Makerspaces and Modern Learning
By: Jordan Sims
Tate Haraway explores the uses of virtual spaces for classrooms.
Clemson’s Watt Family Innovation Center is home to the Clemson Makerspace, a student created innovation space. The technology in the Makerspace gives students the opportunity to make their ideas come to life. The Makerspaces and Modern Learning Creative Inquiry project, led by Dr. Ryan Visser in the Department of Education and Human Development and Nate Newsome, Research Associate, in the Watt Family Innovation Center, is establishing the best practices for K-12 schools to develop and integrate makerspaces into their students’ education.
A gift from the Sharp Foundation allowed this Creative Inquiry team to collaborate with The Steward School in Richmond, Virginia on a project of mutual interest—student innovation. Like the Watt Center, The Steward School is home to its own innovation space—the Bryan Innovation Laboratory, a space built to provide students with the opportunity to become better thinkers, innovators and problem solvers. The team used the school’s innovation lab to identify needs in a K-12 makerspace and provide guidance as to the best uses of these spaces in K-12 schools.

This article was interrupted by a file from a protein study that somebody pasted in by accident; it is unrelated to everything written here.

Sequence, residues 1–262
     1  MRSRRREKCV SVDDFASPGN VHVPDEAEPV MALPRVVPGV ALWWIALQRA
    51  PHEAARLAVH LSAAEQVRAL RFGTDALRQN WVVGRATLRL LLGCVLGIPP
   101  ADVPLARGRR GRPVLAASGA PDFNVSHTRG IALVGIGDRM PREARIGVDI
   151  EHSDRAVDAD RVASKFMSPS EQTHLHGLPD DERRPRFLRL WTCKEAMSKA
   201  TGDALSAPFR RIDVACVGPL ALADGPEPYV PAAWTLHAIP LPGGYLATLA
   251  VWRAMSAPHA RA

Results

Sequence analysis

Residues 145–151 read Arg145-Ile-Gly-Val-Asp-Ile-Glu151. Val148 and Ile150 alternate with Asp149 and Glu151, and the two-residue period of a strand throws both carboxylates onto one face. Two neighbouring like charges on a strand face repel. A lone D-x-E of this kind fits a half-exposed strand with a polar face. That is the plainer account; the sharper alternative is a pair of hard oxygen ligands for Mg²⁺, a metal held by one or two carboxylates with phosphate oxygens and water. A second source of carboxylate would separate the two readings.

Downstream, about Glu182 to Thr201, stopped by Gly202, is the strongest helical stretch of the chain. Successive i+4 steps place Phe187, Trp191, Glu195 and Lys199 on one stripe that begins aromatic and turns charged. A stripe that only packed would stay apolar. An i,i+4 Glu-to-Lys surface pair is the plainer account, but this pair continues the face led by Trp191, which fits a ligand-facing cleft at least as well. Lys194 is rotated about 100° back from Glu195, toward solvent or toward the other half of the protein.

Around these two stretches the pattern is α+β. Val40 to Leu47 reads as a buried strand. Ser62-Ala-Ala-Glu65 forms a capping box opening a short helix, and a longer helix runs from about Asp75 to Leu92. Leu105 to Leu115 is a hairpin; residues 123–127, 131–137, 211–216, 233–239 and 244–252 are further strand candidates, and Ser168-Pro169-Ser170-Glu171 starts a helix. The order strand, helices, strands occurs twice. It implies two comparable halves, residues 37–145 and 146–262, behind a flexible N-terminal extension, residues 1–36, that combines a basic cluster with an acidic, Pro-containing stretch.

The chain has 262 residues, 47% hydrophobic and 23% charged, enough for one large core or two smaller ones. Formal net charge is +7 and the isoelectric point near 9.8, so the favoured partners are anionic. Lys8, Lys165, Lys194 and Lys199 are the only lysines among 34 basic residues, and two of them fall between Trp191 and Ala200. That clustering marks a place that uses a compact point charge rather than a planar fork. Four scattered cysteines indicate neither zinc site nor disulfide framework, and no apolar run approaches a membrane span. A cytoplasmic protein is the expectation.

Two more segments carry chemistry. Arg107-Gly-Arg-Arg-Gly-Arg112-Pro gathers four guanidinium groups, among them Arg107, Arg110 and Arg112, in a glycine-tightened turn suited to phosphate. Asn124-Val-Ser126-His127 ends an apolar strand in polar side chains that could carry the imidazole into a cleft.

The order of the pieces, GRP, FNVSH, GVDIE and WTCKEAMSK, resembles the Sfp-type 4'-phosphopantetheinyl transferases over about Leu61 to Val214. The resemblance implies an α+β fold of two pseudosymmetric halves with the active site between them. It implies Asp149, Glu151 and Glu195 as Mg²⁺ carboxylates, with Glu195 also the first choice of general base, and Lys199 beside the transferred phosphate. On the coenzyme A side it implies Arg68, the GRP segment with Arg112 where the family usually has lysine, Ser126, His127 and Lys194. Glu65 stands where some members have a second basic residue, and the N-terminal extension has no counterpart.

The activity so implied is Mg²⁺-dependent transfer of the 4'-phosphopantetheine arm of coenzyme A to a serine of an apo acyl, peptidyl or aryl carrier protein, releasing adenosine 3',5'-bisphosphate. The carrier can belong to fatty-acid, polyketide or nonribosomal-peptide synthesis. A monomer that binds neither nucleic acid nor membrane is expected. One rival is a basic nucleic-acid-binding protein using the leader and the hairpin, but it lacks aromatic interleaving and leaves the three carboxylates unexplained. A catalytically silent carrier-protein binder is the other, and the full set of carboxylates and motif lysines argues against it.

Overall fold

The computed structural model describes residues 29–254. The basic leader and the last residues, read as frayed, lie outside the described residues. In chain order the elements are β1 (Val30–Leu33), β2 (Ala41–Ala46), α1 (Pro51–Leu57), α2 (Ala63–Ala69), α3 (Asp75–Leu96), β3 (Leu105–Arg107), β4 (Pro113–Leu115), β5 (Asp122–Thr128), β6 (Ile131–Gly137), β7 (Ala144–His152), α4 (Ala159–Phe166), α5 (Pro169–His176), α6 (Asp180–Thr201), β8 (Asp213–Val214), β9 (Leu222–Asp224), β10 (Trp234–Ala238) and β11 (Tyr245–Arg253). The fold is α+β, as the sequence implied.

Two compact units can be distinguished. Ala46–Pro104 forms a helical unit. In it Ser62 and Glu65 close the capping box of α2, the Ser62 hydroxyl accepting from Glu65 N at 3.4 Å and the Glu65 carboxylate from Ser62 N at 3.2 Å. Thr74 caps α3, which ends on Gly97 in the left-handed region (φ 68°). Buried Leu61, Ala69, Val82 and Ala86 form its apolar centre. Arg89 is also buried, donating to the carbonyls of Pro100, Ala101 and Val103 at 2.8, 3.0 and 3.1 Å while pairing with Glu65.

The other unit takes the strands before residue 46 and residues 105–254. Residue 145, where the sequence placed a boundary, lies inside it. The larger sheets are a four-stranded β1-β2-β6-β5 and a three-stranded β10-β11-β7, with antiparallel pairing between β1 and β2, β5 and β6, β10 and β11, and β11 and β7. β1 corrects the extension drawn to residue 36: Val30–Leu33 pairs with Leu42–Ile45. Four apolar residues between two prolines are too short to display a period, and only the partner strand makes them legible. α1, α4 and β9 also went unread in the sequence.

The project’s goal was to implement and establish best practices for three technologies at The Steward School: augmented reality (AR) and virtual reality (VR); computational thinking and coding robots; and 3D printing. The Creative Inquiry team met weekly, via ZOOM™, with teachers and student clubs that support each technology at The Steward School. Meeting with the Clemson team empowered the Steward students to pursue their own interests and dreams with the technology provided in the lab. “It’s always nice to see students taking initiative and being very passionate and motivated about something they can make an impact on, and it’s going to help them in the future in leadership, building that skill, learning to make connections,” Yan-Jian Ni, a senior mechanical engineering major, said.
The Creative Inquiry team enjoyed working with the teachers, too. Visser hopes the project is a catalyst that encourages the teachers to further develop their skills and implement more new technologies into their classrooms. “We want to teach them the questions to ask, the process that goes into the purchasing of the equipment. It’s not just going out and getting what’s shiniest and newest. It’s really considering your needs, the school’s needs that is, and the students’ needs,” Visser said. Not only is this project empowering K-12 students to take initiative in their education, it’s providing teachers with the resources necessary to build the spaces to do so.
A CI student demonstrates how to use VR controllers to students at Steward School in Richmond, VA.
“The Creative Inquiry program at Clemson is exactly what I was seeking while I was a student 25 years ago. A program that allows the mind to explore subject matter for which there is a natural inclination. But mostly, it is a safe place to fail. Notably in traditional academia where letter grades apply, versus merit for creativity and innovation. ”
The Sharp Foundation is excited to be a supporter of this program with the idea of bringing the program to middle and high school students.
Barbara J. Speziale